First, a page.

25 August 2015

Marjorie Hume

Marjorie Hume (1900-1976) was a prolific and well-known actress in the British cinema of the 1920s, often playing aristocratic roles. She appeared in 40 films between 1917 and 1957.

Marjorie Hume
French postcard by Cinémagazine, no. 173. Photo: Navana.

The Call of Youth

Marjorie (also: Marjory) Hume was born in 1893 in Gorleston, Great Yarmouth, United Kingdom, in 1893. (Wikipedia and IMDb both give a birth year of 1900, but according to The Hitchcock Zone her birth was registered Q1 1893.) She was the daughter of Captain Arthur Hume and Violet Margaret Isabel Hume.

Maejorie started her film career with a small part in the Ellen Terry vehicle Her Greatest Performance (Fred Paul, 1917). In this crime film, Terry played a retired actress who poses as a dresser to scare a murderer into confessing and clearing her son.

Immediately after this, Hume played the female lead - a girl - in Doing his bit (Edwin J. Collins, 1917). In this comedy written by and starring the cross dressing star George Robey, Robey played an Army reject, who poses as a woman and becomes a nurse.

This was followed by parts in the dramas The Red Pottage (Meyrick Milton, 1918) starring C. Aubrey Smith, The Swindler (Maurice Elvey, 1919), and Keeper of the Door (Maurice Elvey, 1919).

Hume really peaked in the early 1920s with leading roles in the sports film The Scarlett Kiss (Fred Goodwins, 1920), the romance The Duchess of Seven Dials (Fred Paul, 1920), the drama Lady Tetley's Decree (Fred Paul, 1920), the Dutch-British romance Kitty Tailleur (Frank Richardson, 1921), and the drama Bluff (Geoffrey Mahlins, 1921).

Then she played in two Anglo-American coproductions, The Call of Youth (Hugh Ford, 1921) and The Great Day (Hugh Ford, 1921). Both were made in collaboration with Famous Players-Lasky. Alfred Hitchcock is credited as the title designer for both films.

Ellen Terry
Ellen Terry. British postcard by Rotary Photo, no. 151 I

The Triumph of the Scarlet Pimpernel

When the 1920s started, Marjorie Hume appeared in the drama Appearances (Donald Crisp, 1921; now considered a lost film), the fantasy mystery Silent Evidence (E.H. Calvert, 1922), and the Lord Byron biopic A Prince of Lovers (Charles Calvert, 1922).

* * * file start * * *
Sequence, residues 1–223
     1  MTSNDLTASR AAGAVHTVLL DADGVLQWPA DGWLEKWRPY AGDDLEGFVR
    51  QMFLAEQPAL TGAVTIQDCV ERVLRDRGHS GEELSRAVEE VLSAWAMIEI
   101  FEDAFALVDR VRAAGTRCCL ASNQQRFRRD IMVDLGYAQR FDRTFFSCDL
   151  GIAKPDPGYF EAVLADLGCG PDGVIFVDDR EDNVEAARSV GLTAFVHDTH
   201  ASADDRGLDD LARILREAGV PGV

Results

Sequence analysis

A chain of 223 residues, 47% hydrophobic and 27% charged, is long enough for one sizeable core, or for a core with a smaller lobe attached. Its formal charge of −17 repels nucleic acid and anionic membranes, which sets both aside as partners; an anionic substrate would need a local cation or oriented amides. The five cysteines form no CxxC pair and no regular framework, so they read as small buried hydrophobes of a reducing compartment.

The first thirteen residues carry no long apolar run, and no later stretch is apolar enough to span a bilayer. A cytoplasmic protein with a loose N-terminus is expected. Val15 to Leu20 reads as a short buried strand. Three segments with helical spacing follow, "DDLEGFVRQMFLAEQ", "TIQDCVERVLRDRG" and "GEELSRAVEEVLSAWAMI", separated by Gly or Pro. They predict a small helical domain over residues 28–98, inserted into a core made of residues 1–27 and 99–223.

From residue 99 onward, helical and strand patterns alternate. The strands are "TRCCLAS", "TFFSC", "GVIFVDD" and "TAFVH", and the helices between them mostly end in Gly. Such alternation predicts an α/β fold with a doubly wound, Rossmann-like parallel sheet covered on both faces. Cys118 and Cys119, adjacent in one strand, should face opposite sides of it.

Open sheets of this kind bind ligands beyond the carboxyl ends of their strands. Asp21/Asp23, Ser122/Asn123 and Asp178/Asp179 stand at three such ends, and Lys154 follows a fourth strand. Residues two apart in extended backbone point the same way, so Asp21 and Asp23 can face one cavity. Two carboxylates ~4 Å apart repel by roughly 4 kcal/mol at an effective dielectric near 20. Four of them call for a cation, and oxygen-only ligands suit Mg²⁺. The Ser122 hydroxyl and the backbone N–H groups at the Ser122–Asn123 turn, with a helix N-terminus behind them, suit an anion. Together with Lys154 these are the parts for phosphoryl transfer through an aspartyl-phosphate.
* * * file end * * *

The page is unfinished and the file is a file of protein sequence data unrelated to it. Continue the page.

Then followed the historical drama Simone Evrard; or Deathless Devotion (Edwin Greenwood, 1923) and the adventure film M'Lord of the White Road (Arthur Rooke, 1923) starring Victor McLaglen.

In France, she appeared in the melodrama Les deux gosses/Two Little Vagabonds (Louis Mercanton, 1924) with Carlyle Blackwell and Gabriel Signoret.

Back in England, she starred in The Wonderful Wooing (Geoffrey Mahlins, 1925), The Squire of Long Hadley (Sinclair Hill, 1925) with Brian Aherne, and King of the Castle (Henry Edwards, 1925) again with Aherne.

The following years, she made Thou Fool (Fred Paul, 1926) with Stewart Rome, The Island of Despair (Henry Edwards, 1926) with Matheson Lang, and One Colombo Night (Henry Edwards, 1926).

Her last silent films were the comedy The Mariage Business (Leslie Hiscott, 1927) with Estelle Brody, Afterwards (Lawson Butt, 1928), and The Triumph of the Scarlet Pimpernel (T. Hayes Hunter, 1928) with Matheson Lang.

Marjorie Hume
British postcard in the Picturegoer Series, London, no. 130. Photo: Navana.

The Curse of Frankenstein

Marjorie Hume's first sound film was the drama Lord Richard in the Pantry (Walter Forde, 1930) starring Richard Cooper. In 1931 she played opposite former silent stars Stewart Rome and Warwick Ward in the crime film Deadlock (George King, 1931), followed by the crime film Betrayal (Reginald Fogwell, 1932), again with Rome in the male lead.

Next came the Ralph Lynn comedy Up to the Neck (Jack Travers, 1933), the drama A Royal Demand (Gustav Mindzenti, 1933), a small part in the mystery film The White Lilac (Albert Parker, 1935), Cross Currents (Adrian Brunel, 1935), and the crime film Member of the Jury (Bernard Mainwaring, 1937).

From the late 1930s to the early 1950s Marjorie Hume did not perform in film. After the war she returned in small parts, as the landlady in the spy story The Limping Man (Cy Endfield, Charles de la Tour, 1953) starring Lloyd Bridges, and as Lady Redscarfe in the comedy Children Galore (Terence Fisher, 1955).

Marjorie Hume's last film role was an uncredited part as the Mother in the successful Hammer production The Curse of Frankenstein (Terence Fisher, 1957) starring Peter Cushing and Christopher Lee.

In 1976, Marjorie Hume died in Oxshott, United Kingdom. She was married to Eric Lindsey.

Ralph Lynn
Ralph Lynn. British postcard, no. 174. Photo: Capitol Films.

Sources: Thomas Staedeli (Cyranos), The Hitchcock Zone, Getty Images, Wikipedia, and IMDb.

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